The Tech City of the Future Is Not in the U.S. or Asia, It Is Toronto

The Cognoscenti team’s recent visit convinced us that Toronto’s tech future looks very bright. (This was one of our favorite photos from the trip.)

The Cognoscenti team’s recent visit convinced us that Toronto’s tech future looks very bright. (This was one of our favorite photos from the trip.)

From 2012 to 2017, the GTA (Greater Toronto Area) created more tech jobs than any other city including the Bay Area. In 2017 alone, Toronto added 28,900 tech employees, more than Seattle, NYC, Washington D.C., and the Bay Area combined. This may seem like a five-year anomaly. However, Toronto is almost certain to grow in stature as a major tech city, driven by its intelligent immigration policies, world-class universities, local government that encourages tech company megaprojects, and advantaged location as climate change progresses.

Unlike the U.S. and most other countries, Canada attracts some of the smartest and wealthiest immigrants in the world due to its spectacular immigration policies. Canada’s Comprehensive Ranking System enables the government to select well-educated immigrants with needed skills who are likely to obtain high-income jobs and/or start their own businesses. This immigration policy has flooded the city with young tech talent since the 1990s, and should continue to do so for decades to come.

Morevover, Toronto’s growth as a tech center is fueled by the talent attracted and produced by several elite universities in global rankings. Situated In the heart of the GTA, the University of Toronto is a top 50 overall university worldwide. Right outside of the GTA, there is another top 50 overall university globally in the city of Hamilton named McMaster University. Finally, University of Waterloo is a top 50 STEM school worldwide, and is located fewer than 120 kilometers from Toronto. There are plenty of other great universities in and near Toronto, many of which are also fantastic at STEM.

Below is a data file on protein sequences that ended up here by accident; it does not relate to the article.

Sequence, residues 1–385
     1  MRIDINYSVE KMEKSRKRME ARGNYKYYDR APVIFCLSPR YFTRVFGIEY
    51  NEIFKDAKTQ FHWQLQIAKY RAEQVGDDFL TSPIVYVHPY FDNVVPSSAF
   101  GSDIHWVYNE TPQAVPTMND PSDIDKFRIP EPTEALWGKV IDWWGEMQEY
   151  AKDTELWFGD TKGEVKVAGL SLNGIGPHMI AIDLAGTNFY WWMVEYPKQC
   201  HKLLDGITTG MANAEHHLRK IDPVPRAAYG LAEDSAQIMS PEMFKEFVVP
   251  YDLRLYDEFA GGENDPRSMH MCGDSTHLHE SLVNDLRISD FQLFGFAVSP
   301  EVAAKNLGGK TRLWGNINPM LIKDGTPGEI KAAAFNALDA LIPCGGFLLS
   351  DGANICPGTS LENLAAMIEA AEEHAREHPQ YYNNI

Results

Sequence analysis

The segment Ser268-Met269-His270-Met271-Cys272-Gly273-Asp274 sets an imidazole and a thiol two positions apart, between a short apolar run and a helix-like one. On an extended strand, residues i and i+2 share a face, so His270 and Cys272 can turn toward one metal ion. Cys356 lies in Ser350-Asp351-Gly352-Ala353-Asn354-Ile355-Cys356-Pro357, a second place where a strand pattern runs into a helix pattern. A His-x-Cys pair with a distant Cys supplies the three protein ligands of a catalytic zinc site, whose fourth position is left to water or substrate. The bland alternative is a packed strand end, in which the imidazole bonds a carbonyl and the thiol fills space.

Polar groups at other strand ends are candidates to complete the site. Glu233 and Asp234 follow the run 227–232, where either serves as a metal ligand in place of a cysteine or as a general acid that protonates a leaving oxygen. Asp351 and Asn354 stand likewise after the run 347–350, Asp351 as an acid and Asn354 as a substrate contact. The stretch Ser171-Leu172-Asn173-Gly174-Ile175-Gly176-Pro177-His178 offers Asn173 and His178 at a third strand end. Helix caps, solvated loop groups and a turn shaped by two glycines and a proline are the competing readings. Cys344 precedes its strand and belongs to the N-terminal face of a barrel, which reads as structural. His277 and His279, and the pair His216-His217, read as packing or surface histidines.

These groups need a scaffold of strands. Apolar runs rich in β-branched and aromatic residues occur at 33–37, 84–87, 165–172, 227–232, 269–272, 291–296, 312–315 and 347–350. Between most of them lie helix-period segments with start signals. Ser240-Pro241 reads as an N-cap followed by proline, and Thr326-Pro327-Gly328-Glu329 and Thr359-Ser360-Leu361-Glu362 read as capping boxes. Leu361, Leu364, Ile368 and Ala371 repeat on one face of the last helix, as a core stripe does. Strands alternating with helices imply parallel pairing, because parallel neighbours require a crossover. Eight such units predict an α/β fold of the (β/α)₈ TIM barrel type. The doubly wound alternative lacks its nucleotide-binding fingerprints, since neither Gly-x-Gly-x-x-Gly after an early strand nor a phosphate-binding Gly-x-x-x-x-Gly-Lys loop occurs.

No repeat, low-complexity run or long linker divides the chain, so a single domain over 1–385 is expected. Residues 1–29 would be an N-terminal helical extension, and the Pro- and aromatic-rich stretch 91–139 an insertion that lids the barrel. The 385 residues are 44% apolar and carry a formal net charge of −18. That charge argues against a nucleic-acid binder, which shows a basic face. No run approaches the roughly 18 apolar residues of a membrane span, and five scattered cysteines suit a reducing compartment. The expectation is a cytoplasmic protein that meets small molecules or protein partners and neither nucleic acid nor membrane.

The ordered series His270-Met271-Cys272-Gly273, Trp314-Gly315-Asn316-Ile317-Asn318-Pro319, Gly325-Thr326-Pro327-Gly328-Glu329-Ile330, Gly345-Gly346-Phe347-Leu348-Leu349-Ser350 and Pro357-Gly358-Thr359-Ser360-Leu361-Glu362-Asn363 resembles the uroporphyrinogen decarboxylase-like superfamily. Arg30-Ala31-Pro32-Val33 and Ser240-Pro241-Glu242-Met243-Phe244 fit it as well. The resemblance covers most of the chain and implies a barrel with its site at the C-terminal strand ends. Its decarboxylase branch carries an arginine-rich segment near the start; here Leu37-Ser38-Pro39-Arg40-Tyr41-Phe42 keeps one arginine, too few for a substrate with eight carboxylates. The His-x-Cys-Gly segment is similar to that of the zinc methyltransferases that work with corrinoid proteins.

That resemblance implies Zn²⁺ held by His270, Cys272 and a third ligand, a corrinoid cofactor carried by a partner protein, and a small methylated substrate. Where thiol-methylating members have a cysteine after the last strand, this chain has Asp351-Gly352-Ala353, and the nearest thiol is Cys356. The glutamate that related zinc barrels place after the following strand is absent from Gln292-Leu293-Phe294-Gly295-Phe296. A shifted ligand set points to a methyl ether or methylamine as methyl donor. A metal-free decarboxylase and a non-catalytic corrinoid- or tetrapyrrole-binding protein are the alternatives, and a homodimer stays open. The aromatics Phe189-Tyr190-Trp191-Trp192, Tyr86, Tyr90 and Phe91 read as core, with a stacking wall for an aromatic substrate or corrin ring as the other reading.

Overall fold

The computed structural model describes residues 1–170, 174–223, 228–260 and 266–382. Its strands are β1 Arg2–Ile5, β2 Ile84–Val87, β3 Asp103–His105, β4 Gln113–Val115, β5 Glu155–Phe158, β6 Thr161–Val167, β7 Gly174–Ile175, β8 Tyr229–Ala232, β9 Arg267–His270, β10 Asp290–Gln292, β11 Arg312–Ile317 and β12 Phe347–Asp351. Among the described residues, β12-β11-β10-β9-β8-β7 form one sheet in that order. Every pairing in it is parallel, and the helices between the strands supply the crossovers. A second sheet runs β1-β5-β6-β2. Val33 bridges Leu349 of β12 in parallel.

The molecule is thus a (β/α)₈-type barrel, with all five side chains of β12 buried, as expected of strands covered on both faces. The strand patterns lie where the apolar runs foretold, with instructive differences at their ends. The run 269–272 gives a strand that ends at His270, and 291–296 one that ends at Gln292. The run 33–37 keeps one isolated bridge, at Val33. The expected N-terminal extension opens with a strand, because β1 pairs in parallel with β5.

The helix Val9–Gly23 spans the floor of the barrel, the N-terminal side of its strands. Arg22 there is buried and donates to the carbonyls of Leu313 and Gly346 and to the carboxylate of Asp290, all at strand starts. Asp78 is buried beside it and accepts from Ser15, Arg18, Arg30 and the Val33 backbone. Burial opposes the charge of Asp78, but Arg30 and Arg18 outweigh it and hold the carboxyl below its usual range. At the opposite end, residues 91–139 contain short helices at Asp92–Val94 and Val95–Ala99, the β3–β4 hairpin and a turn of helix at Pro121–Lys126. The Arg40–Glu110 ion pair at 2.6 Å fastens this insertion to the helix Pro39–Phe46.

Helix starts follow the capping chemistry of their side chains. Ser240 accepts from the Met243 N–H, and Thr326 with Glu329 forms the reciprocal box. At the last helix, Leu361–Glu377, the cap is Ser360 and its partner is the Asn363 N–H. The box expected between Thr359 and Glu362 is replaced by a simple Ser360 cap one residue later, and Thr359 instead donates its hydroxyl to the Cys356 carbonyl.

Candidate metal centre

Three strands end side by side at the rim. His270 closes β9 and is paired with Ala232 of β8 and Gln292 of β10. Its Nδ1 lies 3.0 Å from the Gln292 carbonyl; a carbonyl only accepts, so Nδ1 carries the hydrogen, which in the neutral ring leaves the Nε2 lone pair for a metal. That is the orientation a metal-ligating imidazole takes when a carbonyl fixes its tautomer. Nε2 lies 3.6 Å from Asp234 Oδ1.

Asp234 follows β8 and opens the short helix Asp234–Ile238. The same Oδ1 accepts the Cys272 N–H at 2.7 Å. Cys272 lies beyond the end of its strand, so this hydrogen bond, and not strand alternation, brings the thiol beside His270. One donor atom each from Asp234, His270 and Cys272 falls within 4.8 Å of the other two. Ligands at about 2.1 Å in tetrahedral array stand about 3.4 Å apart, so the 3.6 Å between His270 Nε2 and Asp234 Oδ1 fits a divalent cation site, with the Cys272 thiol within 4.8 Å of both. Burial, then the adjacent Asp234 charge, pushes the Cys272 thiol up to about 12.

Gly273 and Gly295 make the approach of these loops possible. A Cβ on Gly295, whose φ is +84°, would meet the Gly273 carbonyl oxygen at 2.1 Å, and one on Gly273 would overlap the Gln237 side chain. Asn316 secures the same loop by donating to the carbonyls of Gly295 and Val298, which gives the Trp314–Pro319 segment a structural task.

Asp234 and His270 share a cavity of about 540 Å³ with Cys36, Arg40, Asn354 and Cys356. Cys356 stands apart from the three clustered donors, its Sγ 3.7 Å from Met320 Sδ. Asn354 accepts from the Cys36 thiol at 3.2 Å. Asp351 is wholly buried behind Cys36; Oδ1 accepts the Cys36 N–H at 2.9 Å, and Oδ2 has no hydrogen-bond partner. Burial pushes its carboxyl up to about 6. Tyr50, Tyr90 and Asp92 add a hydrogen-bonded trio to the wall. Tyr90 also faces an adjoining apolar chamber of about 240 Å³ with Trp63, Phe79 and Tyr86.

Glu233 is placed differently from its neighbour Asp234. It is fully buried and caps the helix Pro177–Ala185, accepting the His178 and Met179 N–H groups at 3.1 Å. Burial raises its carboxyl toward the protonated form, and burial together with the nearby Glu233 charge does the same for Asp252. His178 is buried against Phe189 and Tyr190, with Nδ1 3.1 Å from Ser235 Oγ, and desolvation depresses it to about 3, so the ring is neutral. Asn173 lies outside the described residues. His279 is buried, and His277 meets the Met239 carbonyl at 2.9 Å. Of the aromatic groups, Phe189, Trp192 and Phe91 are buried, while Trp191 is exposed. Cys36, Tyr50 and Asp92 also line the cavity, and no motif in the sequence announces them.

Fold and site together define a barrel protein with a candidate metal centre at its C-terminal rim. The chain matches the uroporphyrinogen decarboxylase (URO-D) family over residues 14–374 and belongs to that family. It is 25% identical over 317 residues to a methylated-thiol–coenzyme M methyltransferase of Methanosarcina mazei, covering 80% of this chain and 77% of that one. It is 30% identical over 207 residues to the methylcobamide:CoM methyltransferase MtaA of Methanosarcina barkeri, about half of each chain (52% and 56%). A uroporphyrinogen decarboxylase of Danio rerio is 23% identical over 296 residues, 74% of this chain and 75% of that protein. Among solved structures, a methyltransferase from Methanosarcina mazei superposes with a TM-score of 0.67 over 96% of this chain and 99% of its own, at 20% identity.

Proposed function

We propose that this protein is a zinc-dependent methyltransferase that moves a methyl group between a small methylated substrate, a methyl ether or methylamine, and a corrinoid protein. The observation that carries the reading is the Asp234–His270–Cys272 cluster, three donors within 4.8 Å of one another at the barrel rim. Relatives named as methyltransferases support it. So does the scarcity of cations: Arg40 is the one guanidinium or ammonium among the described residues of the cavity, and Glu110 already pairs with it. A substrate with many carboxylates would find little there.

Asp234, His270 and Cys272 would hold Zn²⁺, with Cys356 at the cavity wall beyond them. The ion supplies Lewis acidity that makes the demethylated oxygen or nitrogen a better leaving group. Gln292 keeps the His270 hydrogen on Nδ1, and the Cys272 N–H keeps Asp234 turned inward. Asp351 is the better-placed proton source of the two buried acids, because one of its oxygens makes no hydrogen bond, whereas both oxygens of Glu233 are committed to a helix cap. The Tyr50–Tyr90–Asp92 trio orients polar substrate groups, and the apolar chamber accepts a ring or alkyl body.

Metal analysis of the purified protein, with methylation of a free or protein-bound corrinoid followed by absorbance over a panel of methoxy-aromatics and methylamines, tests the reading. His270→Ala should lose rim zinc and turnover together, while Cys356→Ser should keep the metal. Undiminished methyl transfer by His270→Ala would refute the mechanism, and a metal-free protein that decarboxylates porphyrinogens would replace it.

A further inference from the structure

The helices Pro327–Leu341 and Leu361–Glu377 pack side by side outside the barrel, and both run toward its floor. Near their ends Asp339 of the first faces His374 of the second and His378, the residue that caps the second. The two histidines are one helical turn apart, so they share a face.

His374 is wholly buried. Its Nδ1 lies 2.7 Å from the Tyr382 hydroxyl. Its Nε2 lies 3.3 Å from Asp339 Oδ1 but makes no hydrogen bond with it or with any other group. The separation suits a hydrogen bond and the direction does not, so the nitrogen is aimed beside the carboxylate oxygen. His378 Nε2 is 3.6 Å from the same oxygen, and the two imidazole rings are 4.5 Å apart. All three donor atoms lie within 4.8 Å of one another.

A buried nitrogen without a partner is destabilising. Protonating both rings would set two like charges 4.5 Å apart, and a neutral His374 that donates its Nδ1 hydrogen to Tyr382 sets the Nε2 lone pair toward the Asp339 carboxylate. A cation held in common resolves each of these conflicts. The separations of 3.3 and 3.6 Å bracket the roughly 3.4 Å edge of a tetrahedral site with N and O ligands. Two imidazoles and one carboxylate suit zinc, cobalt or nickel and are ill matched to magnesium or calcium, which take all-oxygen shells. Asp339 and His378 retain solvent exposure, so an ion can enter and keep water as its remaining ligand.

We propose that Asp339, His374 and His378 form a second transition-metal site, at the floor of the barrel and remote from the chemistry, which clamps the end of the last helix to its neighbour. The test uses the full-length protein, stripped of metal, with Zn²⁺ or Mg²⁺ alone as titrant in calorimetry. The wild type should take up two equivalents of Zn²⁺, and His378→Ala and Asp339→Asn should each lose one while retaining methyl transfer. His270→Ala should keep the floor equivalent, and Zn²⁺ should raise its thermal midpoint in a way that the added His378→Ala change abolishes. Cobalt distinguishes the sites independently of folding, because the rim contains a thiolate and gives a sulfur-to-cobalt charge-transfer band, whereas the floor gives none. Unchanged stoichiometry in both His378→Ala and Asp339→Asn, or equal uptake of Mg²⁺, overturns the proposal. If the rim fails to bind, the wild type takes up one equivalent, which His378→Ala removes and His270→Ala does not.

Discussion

The amazing amount of tech talent available in Toronto and a receptive municipal governent incents corporate tech giants to locate large Canadian HQ’s and research facilities there. At this very moment, Google’s sister company Sidewalk Labs LLC is investing $1 billion on their project of Sidewalk Toronto. This 12-acre, mixed-use innovation district on the eastern waterfront will turn into reality Google’s vision of a high-tech urban utopia. Sidewalk Labs LLC projects that Sidewalk Toronto will create 44,000 direct jobs, and $14.2 billion in annual economic impact by 2040. Another tech megaproject being built right now is Microsoft’s new $570 million, 132,000 square foot Canadian headquarters in Toronto, which will create approximately 60,000 jobs for the city when it will open in the new CIBC Square complex in 2020.

Finally, as Toronto is northern and inland, it will see very limited impact from climate change. As a result, Toronto should attract increasing numbers ot talented tech workers and enable the GTA to prosper as climate change will get worse. There is a very high probability that the city of Toronto will become a magnet for talented tech industry refugees from threatened large cities in low-lying sea coastal areas over the next several decades.

Only time will tell how critical a center Toronto will become for the global technology industry. But, our recent visit made us very bullish on the outlook for Toronto as a cutting-edge tech hub, driven by its ingenious immigration policies, leading global universities, municipal government that enables tech company megaprojects, and favorable location as climate change accelerates.